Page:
Our research shows an increase in bill rates can have a dramatic positive impact on both profit and the employee work environment. Best-in-class professional services organizations tightly control pricing by carefully managing estimating, discounting and contract terms.

Leading services providers charge premium rates because they are recognized as specialists in their focused competency areas and have a demonstrated track record of producing excellent client results. The leading firms tend to pay more than average to ensure they hire only the best and brightest. They protect their rates by limiting discounting while providing employee incentives for achieving quality and profit targets.

Time after time, we have seen leading firms create a “circle of excellence” where their hiring practices contribute to building a quality work force that consistently delivers successful client outcomes. This leads to an excellent reputation, which supports a premium rate structure and ongoing investments in employee development.

Unfortunately, the exact opposite “circle of commoditization” is seen in “me too” services providers that compete on price. Bottom-feeders treat both their clients and their work force as commodities. Because they have a low rate structure, they cannot pay enough to attract or retain a premium work force, which means they must compete on price. Once a services provider becomes known as “the low-price leader,” its only successful strategy is to run a lean and mean organization with no frills and limited investment in employees or skill building.

Services providers should carefully review their market positioning and pricing to ensure they have not become “staffing providers” when they intended to be “solution providers” because the level of accountability for superior client outcomes directly influences pricing strategy.

The effect of bill rates on financial performance

Table 1 shows the impact on financial metrics as professional services organizations (PSOs) increase bill rates. Firms with average consulting bill rates of less than $150 per hour tend to be much smaller than organizations billing out at more than $200 per hour. The firms with higher bill rates can afford the luxury of more overhead and greater investments in employees and sales and marketing than those that bill less.

Table 1: The effect of bill rates


Source: Service Performance Insight, November 2010

The table shows organizations achieve significantly higher professional services contribution margins as bill rates increase, as well as significantly higher annual revenue per employee. Firms that sell services at higher bill rates control discounting and produce greater levels of profitability. Obviously, firms that charge more should make more. But firms can only attain higher bill rates by continually providing high-quality services that offer significant value to clients.

The cause and effect of higher bill rates

Bill rate combined with utilization is a leading indicator of the overall quality and differentiation of the organization. The fact that organizations with the highest bill rates tend to reinvest profit into their employees leads to a continuing improvement cycle.

Highly skilled, well-trained, motivated and loyal consultants undoubtedly produce the best results for clients. In turn, satisfied clients provide referrals and buy additional services resulting in improved sales effectiveness.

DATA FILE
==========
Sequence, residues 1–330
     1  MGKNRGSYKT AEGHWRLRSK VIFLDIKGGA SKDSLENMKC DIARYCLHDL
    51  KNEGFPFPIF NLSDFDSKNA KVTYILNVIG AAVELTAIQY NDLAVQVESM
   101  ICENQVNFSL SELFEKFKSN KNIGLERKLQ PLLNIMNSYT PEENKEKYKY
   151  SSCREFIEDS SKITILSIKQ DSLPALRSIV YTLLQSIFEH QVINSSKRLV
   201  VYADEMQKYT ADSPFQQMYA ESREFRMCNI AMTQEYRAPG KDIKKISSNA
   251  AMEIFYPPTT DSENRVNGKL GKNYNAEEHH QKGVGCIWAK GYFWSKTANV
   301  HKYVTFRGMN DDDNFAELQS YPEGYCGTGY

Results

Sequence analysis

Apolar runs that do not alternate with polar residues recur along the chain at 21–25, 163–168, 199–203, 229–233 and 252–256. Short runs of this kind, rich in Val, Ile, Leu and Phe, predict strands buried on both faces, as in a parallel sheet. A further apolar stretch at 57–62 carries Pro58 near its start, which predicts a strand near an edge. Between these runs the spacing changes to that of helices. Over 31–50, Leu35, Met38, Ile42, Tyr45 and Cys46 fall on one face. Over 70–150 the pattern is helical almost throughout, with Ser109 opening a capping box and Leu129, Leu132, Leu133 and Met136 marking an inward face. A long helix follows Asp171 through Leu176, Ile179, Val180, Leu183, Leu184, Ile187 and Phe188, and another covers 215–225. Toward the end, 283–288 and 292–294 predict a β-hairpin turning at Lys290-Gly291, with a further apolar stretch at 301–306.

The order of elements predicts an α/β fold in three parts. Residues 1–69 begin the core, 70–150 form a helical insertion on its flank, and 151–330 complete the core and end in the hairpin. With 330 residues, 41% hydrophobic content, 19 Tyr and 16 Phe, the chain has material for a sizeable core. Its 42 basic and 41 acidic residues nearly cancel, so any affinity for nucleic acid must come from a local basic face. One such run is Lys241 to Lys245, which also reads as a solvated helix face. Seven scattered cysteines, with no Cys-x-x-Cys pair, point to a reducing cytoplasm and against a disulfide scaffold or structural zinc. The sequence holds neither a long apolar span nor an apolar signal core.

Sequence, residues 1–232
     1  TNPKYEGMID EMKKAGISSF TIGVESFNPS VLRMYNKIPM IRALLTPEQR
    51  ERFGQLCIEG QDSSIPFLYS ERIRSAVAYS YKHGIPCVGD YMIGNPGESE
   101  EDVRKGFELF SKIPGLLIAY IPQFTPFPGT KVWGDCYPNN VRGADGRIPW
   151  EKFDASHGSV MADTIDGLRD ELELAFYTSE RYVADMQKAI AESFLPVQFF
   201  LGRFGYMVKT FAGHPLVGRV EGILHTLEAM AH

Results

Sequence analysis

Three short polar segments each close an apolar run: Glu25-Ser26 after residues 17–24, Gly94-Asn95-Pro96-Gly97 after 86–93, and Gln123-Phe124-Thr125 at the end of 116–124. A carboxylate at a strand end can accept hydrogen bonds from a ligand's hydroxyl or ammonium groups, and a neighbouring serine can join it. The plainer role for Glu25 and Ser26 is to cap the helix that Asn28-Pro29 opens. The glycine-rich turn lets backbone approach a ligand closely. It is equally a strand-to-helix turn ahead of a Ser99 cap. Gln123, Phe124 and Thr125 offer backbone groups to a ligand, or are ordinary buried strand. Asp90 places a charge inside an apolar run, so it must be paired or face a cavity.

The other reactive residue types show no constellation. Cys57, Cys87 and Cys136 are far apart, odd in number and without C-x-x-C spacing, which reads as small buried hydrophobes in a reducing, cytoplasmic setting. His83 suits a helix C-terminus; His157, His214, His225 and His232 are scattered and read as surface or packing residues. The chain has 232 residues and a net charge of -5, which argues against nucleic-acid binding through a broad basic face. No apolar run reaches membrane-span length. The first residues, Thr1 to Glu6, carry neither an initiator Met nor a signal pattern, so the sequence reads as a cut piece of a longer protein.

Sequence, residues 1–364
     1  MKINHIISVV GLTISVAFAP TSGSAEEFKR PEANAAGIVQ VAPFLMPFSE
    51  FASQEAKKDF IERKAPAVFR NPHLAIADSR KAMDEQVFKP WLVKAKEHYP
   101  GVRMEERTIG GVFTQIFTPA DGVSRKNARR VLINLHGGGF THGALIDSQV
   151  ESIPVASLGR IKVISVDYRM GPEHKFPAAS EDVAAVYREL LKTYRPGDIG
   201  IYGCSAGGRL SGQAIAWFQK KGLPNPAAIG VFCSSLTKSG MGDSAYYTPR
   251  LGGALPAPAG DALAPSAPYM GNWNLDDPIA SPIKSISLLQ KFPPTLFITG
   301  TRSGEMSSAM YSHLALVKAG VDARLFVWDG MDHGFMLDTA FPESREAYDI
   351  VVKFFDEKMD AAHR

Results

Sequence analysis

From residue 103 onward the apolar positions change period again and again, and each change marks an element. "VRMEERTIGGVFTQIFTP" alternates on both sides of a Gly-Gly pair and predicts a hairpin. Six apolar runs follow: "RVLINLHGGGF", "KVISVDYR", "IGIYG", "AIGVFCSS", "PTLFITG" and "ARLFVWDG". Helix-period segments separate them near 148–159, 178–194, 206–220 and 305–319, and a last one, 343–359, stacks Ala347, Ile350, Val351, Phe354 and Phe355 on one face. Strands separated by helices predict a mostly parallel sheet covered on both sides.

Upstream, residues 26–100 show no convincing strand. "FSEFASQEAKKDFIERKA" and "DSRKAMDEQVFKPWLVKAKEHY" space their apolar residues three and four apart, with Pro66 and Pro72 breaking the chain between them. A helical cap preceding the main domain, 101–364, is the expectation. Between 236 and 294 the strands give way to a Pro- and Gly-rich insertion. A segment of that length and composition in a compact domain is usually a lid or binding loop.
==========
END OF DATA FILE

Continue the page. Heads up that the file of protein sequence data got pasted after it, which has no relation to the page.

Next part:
The correlation between high bill rates and employee investment that result in superior project delivery metrics and overall financial profit is one of the most dramatic findings from the early results of the 2010 PS Maturity Benchmark survey.

How to Create a Billable Consulting Culture

What makes service transformations succeed?
by Jeanne Urich and Dave Hofferberth of Service Performance Insight

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One of the hardest, but most rewarding change efforts, is building a “billable consulting culture.” Sure, every professional service (PS) firm wants to increase the number of billable consultants, the number of billable hours and the consultant’s hourly rate. But how do PS firms build a culture so these behaviors are intrinsic?

According to a McKinsey 2010 survey of 2,512 executives, successful organizational transformations share the following characteristics:

  • Clear, measurable and aspirational targets to guide the transformation plan and initiatives.
  • A clear transformation structure or plan based on a thorough current-state assessment.
  • Employees engaged in the “need for change” and involved in identifying detrimental underlying mind-sets; employees empowered to develop and participate in the change effort.
  • Clear leadership focus on building capabilities while changing mind-sets and culture.
  • A sense of urgency maintained through clear, positive communication.

Why change?

Every PSO has a unique culture, typically reflecting executive leadership style and values. As the organization matures, people who stay take on aspects of the culture and accept it as the standard. If the current culture isn’t fostering company growth and encouraging employees to reach “billable” goals, the culture may need a renovation.

In our experience, there are three primary levels of service organization transformation or change, and each level represents significantly greater complexity and organizational culture change:

  1. Straightforward performance improvement. This typically involves maturing business processes and systems to improve repeatability and scalability while reducing costs. It does not require significant change in the business model or the way people work; instead, it focuses on streamlining and improving core business processes and systems.